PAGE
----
In Abdullah's bastion, faith in shrine pushes poll percentage to highest 38 pc by 3pm
In chief minister Omar Abdullah's traditional bastion Ganderbal, it's the faith in a Sufi shrine and not faith in National Conference's politics that pushed voter percentage as Srinagar parliamentary seat went to polls on Wednesday. Perched over the foothill.india Updated: Apr 30, 2014 17:03 IST
In chief minister Omar Abdullah's traditional bastion Ganderbal, it's the faith in a Sufi shrine and not faith in National Conference's politics that pushed voter percentage as Srinagar parliamentary seat went to polls on Wednesday.
Perched over the foothill, the shrine of the Hazrat Baba Jee Sahib Larwi at Kangan's Baba Nagri area, a name owing its existence to the Sufi saint, was central to draw voters in droves to polling booths. More than 60,000 faithfuls visit the shrine in June every year at Kangan, 90 km away from Srinagar.
"I have come as this shrine keeps all evils away from us. I owe my kids, good crops and the health of cattle to the shrine. Thus, my vote goes to (National Conference) Mian Altaf sahib," said Nazeer Khatana, a 66-year-old voter from Gujjar community, at Baba Nagri. Khatana trekked down a long stretch of a hill to see himself in the serpentine queues that dotted polling booths in the area.
By 3 pm, Kangan had already witnessed 57 percent polling, highest for any assembly segment in the Srinagar parliament constituency. However, Kangan's main market witnessed minor pro-separatist and anti-India protests.
Baba Nagri's Gujjar community has been loyal to the Sufi saint's family for generations now. The saint's grand grandson Mian Altaf, a minister with the NC government, benefited this time again for the reverence people have towards the shrine and not for Abdullah's politics.
"The NC has been very biased towards a particular community in Kangan. The tenders for timber, rocks and other development works go to only cronies of the NC. They have grown rich over the years," said Nazeer Ahmad, a Kashmiri-speaking at Kangan market area, who for a change voted for the opposition Peoples Democratic Party (PDP).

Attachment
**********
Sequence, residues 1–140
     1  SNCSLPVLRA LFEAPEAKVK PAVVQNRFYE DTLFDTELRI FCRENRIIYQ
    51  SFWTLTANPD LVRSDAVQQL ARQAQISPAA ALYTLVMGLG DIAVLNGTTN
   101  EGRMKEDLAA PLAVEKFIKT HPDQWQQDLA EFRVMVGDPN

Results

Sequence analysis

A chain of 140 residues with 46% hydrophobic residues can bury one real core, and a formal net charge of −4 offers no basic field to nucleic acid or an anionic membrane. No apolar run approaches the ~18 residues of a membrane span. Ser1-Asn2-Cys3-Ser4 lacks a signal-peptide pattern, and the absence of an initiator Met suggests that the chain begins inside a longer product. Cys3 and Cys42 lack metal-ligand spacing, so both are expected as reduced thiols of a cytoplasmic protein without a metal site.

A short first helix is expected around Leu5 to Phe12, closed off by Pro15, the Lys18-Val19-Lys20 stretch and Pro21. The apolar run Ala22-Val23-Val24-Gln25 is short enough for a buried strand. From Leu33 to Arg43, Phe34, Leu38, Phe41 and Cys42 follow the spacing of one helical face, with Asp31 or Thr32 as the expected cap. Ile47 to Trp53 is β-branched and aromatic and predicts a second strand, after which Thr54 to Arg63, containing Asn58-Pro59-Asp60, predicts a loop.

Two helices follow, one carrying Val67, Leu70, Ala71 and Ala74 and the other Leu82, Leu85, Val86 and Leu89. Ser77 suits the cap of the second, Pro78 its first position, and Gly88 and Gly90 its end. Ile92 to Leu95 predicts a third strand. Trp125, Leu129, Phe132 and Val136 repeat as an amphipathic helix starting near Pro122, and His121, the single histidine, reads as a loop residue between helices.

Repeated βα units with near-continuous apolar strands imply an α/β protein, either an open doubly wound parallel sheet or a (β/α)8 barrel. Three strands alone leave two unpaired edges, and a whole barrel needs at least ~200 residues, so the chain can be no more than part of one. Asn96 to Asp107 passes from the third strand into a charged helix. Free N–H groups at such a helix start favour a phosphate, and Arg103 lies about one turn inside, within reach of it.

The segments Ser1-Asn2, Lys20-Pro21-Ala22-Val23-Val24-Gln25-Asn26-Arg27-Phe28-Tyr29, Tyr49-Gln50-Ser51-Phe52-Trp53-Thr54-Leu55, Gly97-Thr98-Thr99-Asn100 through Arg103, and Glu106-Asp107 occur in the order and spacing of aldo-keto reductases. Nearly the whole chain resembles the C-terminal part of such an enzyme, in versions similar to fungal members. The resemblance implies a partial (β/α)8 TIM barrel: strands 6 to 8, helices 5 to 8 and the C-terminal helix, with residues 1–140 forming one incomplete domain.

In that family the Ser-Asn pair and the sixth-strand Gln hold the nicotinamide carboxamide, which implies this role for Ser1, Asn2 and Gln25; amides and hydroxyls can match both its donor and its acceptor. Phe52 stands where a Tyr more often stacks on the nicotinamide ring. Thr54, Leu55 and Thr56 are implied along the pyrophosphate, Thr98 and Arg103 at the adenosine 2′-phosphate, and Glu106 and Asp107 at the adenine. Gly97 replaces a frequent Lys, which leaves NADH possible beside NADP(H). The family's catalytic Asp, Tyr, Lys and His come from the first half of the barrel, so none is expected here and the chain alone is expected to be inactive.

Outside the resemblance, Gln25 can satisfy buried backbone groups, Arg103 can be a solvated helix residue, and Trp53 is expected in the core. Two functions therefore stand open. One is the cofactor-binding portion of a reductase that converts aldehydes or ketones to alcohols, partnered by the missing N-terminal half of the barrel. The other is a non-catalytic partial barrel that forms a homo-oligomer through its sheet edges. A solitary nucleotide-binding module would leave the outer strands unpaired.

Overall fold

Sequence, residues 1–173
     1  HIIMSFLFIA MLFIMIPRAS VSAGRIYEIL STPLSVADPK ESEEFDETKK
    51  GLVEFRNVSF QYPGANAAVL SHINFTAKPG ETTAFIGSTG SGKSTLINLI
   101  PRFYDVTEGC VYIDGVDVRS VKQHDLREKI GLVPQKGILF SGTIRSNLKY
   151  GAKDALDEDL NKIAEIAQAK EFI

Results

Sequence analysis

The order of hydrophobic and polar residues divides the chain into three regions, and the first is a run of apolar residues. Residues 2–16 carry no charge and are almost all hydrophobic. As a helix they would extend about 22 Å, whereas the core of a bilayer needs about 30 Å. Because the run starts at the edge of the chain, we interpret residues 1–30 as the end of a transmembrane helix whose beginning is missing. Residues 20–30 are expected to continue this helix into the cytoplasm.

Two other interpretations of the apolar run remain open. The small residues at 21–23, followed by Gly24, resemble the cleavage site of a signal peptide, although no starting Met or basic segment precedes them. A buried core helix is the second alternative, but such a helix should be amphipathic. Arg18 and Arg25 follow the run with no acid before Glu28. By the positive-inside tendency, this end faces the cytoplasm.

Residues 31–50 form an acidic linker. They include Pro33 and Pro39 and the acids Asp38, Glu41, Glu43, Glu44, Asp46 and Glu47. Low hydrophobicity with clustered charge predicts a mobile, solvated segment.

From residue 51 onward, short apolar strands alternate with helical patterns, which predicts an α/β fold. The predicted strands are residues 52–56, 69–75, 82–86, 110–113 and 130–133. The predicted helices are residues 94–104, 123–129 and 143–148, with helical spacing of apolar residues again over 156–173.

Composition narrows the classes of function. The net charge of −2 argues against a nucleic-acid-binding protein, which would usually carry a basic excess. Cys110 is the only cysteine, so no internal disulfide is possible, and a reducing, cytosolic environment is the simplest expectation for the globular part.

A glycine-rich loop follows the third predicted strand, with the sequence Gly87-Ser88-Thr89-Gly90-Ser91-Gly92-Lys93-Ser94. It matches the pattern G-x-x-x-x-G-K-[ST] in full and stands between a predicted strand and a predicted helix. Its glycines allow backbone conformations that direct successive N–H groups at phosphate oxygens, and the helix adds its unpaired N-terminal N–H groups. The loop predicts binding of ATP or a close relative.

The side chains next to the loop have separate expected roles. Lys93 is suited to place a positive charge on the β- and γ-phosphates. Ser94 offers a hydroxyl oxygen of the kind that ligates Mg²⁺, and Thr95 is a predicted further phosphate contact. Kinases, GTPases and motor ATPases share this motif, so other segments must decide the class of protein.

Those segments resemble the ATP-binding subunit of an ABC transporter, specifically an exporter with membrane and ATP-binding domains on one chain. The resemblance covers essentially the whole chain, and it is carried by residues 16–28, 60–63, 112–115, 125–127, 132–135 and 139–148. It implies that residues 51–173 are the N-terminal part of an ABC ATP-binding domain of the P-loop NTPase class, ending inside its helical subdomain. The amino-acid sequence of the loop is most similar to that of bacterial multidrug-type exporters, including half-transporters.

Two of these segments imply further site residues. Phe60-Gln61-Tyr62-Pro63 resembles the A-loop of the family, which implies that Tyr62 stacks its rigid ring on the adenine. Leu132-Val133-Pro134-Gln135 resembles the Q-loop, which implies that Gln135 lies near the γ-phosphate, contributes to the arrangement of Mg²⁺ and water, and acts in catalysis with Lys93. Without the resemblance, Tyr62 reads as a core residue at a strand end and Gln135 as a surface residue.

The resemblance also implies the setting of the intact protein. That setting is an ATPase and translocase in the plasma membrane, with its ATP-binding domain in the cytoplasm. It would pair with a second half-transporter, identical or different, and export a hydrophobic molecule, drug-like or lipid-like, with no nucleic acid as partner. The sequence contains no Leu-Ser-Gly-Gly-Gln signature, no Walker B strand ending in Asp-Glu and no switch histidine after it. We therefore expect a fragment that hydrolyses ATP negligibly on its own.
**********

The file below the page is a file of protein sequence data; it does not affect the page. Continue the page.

Once a bastion of Abdullah's, Ganderbal, where all the three generations of Abdullah's ---- from NC founder Sheikh Muhammaf Abdullah, former chief minister Farooq Abdullah and present chief minister Omar Abdullah --- owed their political existence in the state assembly, remained sharply divided between the NC and the PDP.
"We want the NC out of power now. This government is responsible for all the miseries in the state. We lost so many youth during the junior Abdullah's tenure," said Nazeer Ahmad, a 35-year-old voter at Wayul area.
As one moved closer to Srinagar from Kangan, extreme end of Srinagar constituency, impact of separatism was visible. Tumulla area, which houses the important temple of Hindus, Khir Bhawani, wore a deserted look at the polling booths.
There were incidents of stone throwing at several locations there. Violent protests also broke at Lar and Saloora areas. The police used force to disperse separatist supporters trying to enforce a poll boycott. A voter on bike also came under attack from roadside protesters in Ganderbal.
However, several PDP-dominated pockets did come out to vote to defeat NC's Farooq Abdullah. PDP leader from Lar, Qazi Afzal, also a former minister, came out to vote. "People are fed up with Abdullah's. These polls will prove how much," said Afzal.
Despite protests, threats to voters and separatists boycott call, Ganderbal posted decent poll percentage of 38.77 by 3pm, with many voters queued up at polling booths. The areas closer to Srinagar, however, remained indifferent to the polls once again.